This thread is attracting quite the response from readers. One writes:

I come to this as a scientist. No topic is out of bounds as long as the discussion is rooted in facts and analytic objectivity. So, no, it is not fair for the student to be hounded and humiliated. Certainly a lot of the backlash is knee-jerk PC over-reach.

But for God's sake, she is just blundering all over a topic with no substantive core. It's like watching school children debate how Santa gets into chimney-less homes. As has been said before, there is no "race" at least not at the genetic level. There is a continuum of genetic diversity, but racial categories are a cultural construct. There is no objective "intelligence." Sure math and science are important, but they were not the key to survival in the evolutionary past and they are not the key to success in the modern economy that I participate in. Who knows what is that unnameable spark that makes someone synthesize disparate information, understand the interests of others, predict future trends, and create influence with others? That's the key to success but it can't be measured or predicted, and it certainly can't be allotted to one "race" over another. 

So when the student ignorantly bumbles into this false question, dropping one red herring after another, all in the name of making a non-sensical but offensive proposition "respectable", who can blame folks for wondering what the real agenda is behind such blather? Because it isn't some intellectual search for truth. It's either spectacular ignorance, or, dare I say it, racism.

Another writes:

Other readers are hitting most of the points that I want to see in response to the race and intelligence question (namely, the questionable existence of a single, measurable "intelligence"), but this particular reader deserves a short, direct reply:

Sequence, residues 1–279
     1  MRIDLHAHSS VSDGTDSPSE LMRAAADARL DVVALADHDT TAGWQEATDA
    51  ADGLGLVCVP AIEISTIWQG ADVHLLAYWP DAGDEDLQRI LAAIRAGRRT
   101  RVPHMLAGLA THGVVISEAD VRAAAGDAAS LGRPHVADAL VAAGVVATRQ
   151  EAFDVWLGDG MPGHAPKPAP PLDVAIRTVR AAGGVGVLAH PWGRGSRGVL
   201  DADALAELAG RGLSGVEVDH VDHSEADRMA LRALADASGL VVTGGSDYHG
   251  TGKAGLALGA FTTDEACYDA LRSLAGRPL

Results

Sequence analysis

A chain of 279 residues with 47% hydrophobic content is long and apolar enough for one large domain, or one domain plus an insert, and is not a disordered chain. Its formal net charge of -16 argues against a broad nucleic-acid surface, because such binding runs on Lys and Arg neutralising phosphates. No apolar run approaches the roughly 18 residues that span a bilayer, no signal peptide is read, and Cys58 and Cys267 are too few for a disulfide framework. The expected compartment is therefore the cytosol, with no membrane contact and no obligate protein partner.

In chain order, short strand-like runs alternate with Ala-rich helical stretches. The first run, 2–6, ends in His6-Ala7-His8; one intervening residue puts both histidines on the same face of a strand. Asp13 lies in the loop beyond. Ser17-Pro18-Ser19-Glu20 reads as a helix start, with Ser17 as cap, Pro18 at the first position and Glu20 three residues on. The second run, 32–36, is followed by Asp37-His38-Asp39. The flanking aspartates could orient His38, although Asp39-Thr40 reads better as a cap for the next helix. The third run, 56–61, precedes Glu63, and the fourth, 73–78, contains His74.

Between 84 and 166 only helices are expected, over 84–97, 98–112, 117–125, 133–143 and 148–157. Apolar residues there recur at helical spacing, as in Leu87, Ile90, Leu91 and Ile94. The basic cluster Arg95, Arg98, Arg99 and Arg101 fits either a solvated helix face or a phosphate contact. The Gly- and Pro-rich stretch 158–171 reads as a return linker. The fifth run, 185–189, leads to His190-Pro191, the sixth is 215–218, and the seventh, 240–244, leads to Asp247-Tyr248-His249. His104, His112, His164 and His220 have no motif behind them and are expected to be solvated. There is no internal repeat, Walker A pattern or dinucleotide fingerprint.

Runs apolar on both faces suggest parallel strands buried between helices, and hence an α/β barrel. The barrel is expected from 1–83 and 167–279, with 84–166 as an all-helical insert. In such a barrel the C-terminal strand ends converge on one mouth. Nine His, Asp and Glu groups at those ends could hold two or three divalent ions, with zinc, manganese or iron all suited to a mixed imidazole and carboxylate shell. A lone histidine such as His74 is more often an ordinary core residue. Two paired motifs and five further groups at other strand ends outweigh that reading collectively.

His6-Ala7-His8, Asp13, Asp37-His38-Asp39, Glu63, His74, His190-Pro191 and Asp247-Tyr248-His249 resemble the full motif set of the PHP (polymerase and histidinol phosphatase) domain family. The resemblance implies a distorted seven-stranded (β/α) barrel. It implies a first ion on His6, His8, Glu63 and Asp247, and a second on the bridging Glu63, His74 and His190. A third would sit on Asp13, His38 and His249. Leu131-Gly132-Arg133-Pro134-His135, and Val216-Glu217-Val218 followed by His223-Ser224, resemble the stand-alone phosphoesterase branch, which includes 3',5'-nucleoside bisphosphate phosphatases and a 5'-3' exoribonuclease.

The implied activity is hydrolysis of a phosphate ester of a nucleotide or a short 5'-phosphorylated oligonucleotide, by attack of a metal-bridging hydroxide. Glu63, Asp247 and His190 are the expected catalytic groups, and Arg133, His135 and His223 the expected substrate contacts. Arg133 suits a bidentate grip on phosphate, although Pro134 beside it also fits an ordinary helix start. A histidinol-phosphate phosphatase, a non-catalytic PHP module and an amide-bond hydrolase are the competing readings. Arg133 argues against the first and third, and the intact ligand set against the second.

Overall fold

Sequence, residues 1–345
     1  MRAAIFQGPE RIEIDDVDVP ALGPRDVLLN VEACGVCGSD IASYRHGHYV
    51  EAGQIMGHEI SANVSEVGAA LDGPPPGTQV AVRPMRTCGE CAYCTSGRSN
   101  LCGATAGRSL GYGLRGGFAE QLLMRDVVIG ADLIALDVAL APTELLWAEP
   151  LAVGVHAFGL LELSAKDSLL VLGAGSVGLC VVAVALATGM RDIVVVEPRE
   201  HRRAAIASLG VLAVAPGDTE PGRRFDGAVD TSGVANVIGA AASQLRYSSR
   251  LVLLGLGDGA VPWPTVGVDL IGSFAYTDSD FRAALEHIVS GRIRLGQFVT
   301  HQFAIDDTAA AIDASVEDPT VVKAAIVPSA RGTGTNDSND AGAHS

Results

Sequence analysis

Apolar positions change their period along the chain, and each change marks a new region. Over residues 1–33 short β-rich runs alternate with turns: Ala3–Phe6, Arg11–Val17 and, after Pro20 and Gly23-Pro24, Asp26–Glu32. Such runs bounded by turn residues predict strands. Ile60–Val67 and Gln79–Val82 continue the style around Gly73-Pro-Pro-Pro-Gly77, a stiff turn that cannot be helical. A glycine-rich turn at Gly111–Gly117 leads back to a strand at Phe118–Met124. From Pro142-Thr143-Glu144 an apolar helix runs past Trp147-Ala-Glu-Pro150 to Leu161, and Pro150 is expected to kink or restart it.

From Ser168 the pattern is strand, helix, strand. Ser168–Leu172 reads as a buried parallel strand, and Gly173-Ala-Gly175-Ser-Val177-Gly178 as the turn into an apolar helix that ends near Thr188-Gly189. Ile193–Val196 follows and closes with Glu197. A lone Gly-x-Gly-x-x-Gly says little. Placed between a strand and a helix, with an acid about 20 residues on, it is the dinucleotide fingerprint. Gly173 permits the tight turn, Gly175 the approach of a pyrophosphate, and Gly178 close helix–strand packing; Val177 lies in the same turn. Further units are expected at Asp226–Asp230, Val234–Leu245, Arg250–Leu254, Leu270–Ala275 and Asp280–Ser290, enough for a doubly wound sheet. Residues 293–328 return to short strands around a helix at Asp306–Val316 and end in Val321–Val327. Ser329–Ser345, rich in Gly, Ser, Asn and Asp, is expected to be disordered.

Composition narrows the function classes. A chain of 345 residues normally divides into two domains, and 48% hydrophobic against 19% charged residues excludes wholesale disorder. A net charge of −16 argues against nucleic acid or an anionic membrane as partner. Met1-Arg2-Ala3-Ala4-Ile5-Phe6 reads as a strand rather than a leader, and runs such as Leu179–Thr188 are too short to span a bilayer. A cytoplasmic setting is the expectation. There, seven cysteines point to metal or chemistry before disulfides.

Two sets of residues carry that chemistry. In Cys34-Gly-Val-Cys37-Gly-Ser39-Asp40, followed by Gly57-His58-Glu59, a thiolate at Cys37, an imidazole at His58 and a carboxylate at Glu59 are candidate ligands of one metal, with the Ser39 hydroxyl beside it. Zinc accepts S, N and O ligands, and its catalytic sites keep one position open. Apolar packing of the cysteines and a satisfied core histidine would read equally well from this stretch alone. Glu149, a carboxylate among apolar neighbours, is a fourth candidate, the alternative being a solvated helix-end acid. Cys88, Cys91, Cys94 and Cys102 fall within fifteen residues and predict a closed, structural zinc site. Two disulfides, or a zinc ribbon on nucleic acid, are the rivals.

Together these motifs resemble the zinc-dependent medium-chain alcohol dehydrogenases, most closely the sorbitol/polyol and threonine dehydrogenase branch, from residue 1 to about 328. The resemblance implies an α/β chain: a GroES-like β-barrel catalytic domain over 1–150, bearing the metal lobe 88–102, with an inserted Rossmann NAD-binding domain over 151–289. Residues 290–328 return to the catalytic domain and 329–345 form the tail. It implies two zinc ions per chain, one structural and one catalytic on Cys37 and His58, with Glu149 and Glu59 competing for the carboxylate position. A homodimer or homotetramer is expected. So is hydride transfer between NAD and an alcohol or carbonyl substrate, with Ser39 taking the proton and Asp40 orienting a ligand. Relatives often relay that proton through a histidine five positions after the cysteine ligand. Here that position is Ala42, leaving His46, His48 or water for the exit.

The "descendants of fishermen from the coast of Africa" who came to North America weren't a natural population in any sense of that term. They were slaves. They were selected, either for their physical strength, or because they lacked the skills necessary to escape capture. These Africans were brought here for hundreds of years, prevented, by law, from intermarrying with the non-African population and were segregated from the general population by law and custom until very recently.

I do not deny for one minute that there may have been some kind of selective pressure on genes based on who was captured, who survived the awful journey, and who managed to live and have babies through the ordeal of centuries of slavery.  Aside from that, there's good history to suggest that a relatively small number of tribes in inland West Africa accounted for a substantial majority of the captured and enslaved.  That's a vital topic for investigation.

However, to suggest that there was no genetic intermingling between enslaved persons with those of European descent is to be drastically ignorant of the sexual history of slavery.  Anyone can easily notice when meeting people from sub-Saharan Africa how much darker their skin tone is than the group we call "African-Americans."  The reason is well known -- almost no person descended from enslaved Africans lacks for a substantial amount of European descent.  Give any person, particularly (but not exclusively) men, absolute power over the lives of others, and see what's likely to happen.

Perhaps nowhere has this been expressed so pithily as by James Baldwin in one of his debate with James Kilpatrick over miscegenation: "You're not worried about me marrying your daughter - you're worried about me marrying your wife's daughter. I've been marrying your daughter since the days of slavery!" Modern Americans descended from slaves not only have substantial contributions from the European gene pool, it would have been disproportionately from the southern elite.

Another